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Get rid of post-holiday clutter: How to recycle unwanted toys

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(NEW YORK) — The influx of new stuff that makes its way into homes over the holiday season can be overwhelming for families, but so can figuring out what to do with it all.

For parents hoping to declutter post holidays in the most sustainable way possible, there are ways to discard old toys while minimizing environmental harm by preventing them from ending up in a landfill.

TerraCycle, a New Jersey-based recycling company, is requesting toys that families no longer want but are not suitable for curbside recycling, Tom Szaky, founder and CEO of TerraCycle, told ABC News. The waste management company sorts, cleans, shreds, crushes and melts down the toys into materials that are later used to make goods like lunchboxes and flower pots.

An estimated 3 billion toys are sold in the U.S. every year, according to The Toy Association, a business trade association.

The “vast majority” of toys are thrown out after just one child has played with them, Szaky said.

The company said it has prevented at least 550,000 pounds of landfill waste over the last four years with the recycling of more than four million toys. In the last four years, TerraCycle has launched six different free toy recycling programs in the U.S. taking items that typically cannot be recycled, such as pet toys and pool inflatables, Szaky said.

Toys can be sent to TerraCycle by either requesting a shipping label sponsored by a brand — such as prominent toy company Hasbro — or by purchasing a “Zero Waste Box.”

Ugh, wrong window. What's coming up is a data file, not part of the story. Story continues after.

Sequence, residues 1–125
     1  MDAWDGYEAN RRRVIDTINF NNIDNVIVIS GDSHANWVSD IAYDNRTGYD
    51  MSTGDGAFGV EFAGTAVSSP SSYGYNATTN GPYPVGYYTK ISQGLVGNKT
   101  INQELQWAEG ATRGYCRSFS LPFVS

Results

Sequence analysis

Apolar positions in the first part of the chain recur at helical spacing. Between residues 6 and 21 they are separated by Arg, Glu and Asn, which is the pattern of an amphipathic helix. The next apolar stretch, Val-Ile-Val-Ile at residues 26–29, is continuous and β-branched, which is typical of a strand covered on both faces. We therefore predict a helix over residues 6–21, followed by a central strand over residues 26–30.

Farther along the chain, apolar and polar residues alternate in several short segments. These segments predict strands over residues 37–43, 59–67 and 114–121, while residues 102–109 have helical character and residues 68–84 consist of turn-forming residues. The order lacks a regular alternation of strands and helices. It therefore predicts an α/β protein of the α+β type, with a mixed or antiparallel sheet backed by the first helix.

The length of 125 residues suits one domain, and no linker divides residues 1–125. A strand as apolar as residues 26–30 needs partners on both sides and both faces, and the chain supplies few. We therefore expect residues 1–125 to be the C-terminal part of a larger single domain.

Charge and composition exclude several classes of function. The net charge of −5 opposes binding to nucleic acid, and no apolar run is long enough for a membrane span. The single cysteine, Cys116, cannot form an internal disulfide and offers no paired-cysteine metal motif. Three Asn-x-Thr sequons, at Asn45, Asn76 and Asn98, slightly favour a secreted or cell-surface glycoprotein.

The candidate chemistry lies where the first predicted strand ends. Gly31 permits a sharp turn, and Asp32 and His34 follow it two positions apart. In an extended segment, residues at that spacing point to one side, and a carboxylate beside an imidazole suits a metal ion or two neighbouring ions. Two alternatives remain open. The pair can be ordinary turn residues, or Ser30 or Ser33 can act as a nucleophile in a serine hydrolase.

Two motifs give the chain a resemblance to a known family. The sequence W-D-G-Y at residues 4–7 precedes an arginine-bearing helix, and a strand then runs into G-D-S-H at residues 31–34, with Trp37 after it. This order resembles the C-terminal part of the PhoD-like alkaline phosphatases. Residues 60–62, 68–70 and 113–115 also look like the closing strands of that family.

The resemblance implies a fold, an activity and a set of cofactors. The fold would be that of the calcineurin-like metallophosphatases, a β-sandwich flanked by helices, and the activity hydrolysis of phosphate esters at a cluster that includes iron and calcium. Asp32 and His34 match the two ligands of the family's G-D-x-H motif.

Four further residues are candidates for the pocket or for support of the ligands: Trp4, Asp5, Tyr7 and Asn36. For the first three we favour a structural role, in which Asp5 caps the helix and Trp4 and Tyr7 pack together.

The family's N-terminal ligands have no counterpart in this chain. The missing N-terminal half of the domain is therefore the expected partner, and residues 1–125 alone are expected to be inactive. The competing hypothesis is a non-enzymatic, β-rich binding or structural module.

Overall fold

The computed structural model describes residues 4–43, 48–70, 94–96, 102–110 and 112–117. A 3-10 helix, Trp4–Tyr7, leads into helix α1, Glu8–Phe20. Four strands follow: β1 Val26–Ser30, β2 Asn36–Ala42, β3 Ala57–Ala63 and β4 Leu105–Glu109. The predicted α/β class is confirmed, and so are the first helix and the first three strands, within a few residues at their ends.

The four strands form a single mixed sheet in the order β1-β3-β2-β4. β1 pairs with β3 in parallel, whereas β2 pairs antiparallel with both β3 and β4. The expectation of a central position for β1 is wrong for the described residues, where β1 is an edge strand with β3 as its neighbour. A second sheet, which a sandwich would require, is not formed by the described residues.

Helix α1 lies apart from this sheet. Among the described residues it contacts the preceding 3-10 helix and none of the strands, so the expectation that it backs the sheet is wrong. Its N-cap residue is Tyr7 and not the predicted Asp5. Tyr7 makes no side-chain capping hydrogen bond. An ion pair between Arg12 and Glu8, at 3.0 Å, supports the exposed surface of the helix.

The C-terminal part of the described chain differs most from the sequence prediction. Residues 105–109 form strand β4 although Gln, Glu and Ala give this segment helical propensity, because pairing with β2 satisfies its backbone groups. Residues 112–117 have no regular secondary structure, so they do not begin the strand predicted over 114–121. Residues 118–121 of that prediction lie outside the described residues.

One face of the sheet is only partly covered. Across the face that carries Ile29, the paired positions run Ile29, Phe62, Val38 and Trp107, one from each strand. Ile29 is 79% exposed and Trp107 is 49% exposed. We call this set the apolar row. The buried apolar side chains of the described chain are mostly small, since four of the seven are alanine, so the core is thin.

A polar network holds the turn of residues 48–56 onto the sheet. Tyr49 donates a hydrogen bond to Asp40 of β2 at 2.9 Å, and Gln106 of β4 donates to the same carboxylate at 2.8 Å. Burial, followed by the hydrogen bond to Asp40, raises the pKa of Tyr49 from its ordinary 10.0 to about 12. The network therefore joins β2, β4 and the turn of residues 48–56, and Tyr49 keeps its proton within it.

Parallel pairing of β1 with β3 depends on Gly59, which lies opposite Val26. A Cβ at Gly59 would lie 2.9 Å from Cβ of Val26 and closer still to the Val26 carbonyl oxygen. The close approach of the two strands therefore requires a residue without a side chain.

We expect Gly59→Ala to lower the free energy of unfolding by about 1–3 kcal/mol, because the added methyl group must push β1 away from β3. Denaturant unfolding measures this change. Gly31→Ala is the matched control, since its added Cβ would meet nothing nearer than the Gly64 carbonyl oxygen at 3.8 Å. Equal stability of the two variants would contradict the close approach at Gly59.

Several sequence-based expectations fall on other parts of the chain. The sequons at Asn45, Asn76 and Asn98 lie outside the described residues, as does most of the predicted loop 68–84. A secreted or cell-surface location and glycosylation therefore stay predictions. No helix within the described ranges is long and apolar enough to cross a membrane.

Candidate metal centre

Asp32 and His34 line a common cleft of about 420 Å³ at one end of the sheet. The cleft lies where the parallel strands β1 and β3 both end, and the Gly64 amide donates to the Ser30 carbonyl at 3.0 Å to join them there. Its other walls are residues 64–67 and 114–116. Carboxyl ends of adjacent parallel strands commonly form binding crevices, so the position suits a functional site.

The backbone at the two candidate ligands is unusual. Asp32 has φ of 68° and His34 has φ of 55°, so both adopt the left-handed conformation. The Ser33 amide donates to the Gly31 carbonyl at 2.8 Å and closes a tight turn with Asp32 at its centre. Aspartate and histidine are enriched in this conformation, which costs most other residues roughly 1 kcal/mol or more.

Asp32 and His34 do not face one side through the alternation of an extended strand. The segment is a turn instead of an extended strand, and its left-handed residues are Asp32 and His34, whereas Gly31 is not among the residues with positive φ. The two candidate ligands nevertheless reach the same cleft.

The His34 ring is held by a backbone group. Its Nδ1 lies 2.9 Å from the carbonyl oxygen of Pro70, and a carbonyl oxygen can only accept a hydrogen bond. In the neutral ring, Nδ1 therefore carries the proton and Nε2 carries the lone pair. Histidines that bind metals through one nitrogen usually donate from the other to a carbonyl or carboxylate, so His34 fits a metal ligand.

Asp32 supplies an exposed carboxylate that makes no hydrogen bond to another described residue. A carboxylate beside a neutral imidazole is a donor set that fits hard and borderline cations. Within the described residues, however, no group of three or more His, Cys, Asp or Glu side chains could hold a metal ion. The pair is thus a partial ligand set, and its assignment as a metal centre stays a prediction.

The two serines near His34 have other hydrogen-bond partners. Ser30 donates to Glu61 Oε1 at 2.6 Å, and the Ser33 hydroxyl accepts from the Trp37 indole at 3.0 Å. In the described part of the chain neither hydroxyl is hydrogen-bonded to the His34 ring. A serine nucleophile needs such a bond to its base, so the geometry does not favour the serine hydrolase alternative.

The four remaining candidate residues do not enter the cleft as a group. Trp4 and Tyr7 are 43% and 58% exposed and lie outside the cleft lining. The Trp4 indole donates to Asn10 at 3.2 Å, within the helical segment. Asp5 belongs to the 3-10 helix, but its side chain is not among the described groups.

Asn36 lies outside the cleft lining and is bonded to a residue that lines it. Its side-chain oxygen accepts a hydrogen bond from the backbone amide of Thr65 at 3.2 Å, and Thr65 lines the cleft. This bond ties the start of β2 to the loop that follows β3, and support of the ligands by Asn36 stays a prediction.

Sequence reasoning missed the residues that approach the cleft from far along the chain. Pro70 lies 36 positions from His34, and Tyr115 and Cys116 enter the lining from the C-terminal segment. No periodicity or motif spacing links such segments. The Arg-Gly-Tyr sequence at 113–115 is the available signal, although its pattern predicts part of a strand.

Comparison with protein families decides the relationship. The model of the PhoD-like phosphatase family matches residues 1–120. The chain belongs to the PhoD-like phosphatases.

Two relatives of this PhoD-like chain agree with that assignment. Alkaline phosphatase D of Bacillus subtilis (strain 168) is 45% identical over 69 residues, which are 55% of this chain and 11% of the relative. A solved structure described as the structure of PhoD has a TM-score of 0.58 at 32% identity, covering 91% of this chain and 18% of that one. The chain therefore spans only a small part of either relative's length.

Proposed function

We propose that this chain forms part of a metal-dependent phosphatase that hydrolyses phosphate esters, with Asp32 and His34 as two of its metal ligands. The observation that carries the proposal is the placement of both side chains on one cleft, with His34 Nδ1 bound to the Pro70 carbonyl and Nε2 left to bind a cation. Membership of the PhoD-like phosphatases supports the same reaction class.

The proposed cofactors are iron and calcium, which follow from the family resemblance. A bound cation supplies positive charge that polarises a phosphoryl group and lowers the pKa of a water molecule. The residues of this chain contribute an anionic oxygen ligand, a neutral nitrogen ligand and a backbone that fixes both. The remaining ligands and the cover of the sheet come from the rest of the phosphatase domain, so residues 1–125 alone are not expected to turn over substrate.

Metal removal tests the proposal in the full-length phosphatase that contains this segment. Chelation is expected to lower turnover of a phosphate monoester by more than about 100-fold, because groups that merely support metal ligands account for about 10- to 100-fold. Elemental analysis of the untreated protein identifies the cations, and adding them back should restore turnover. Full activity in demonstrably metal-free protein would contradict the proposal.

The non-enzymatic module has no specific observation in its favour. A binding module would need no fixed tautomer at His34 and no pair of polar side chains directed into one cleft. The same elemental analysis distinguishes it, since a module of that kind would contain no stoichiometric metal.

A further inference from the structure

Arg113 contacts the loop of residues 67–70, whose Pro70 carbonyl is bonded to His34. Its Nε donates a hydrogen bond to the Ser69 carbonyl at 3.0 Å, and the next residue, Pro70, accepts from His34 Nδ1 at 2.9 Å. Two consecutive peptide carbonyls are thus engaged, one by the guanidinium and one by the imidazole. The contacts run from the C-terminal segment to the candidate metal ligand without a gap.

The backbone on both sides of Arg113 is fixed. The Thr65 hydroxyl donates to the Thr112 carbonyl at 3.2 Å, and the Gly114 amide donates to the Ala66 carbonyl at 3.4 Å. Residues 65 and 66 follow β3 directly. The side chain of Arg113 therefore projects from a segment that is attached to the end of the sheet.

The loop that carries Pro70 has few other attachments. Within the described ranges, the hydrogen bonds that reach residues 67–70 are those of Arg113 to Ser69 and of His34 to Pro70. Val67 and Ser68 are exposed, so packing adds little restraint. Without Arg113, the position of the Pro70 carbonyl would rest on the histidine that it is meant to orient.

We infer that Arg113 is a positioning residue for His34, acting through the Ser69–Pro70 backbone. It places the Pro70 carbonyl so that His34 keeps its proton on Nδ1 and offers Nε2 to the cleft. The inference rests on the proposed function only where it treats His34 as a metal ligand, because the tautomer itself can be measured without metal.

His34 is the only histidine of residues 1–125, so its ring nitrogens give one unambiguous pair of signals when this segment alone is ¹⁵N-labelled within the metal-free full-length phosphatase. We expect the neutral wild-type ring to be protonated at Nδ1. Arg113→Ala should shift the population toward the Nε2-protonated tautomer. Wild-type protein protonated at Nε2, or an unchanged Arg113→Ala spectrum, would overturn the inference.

“The industry is really caring more and more and this is because people are asking, ‘Well, what happens to my toy once my child is done playing with it?'” Szaky said.

Szaky emphasized that recycling is not a perfect solution and that it is still up to the toy industry and consumers to push for better alternatives to dealing with plastics and other waste.

Much of the plastic that was sent to recycling centers ended up in a landfill, Lisa Ramsden, a senior plastics campaigner at Greenpeace USA and one of the authors of the report, told ABC News in 2022.

Consumers can also help prevent unnecessary waste by making conscious purchasing decisions, such as really considering whether their child will actually enjoy the toy for a long period of time before they buy it, Szaky said.

Buying toys used — or selling old ones online — is also key to keeping toys out of landfills, according to experts.

The most popular resale brands include Squishmallows, Disney, Lego, American Girl and Barbie, according to Poshmark. The most popular category of toys include stuffed animals, dolls and accessories, action figures and playsets, building sets and blocks as well as learning toys, the company said.

Other good places to donate toys include charities, local “Buy Nothing” groups, hospitals, children’s shelters, day care centers and houses of worship, according to Good Housekeeping.

 

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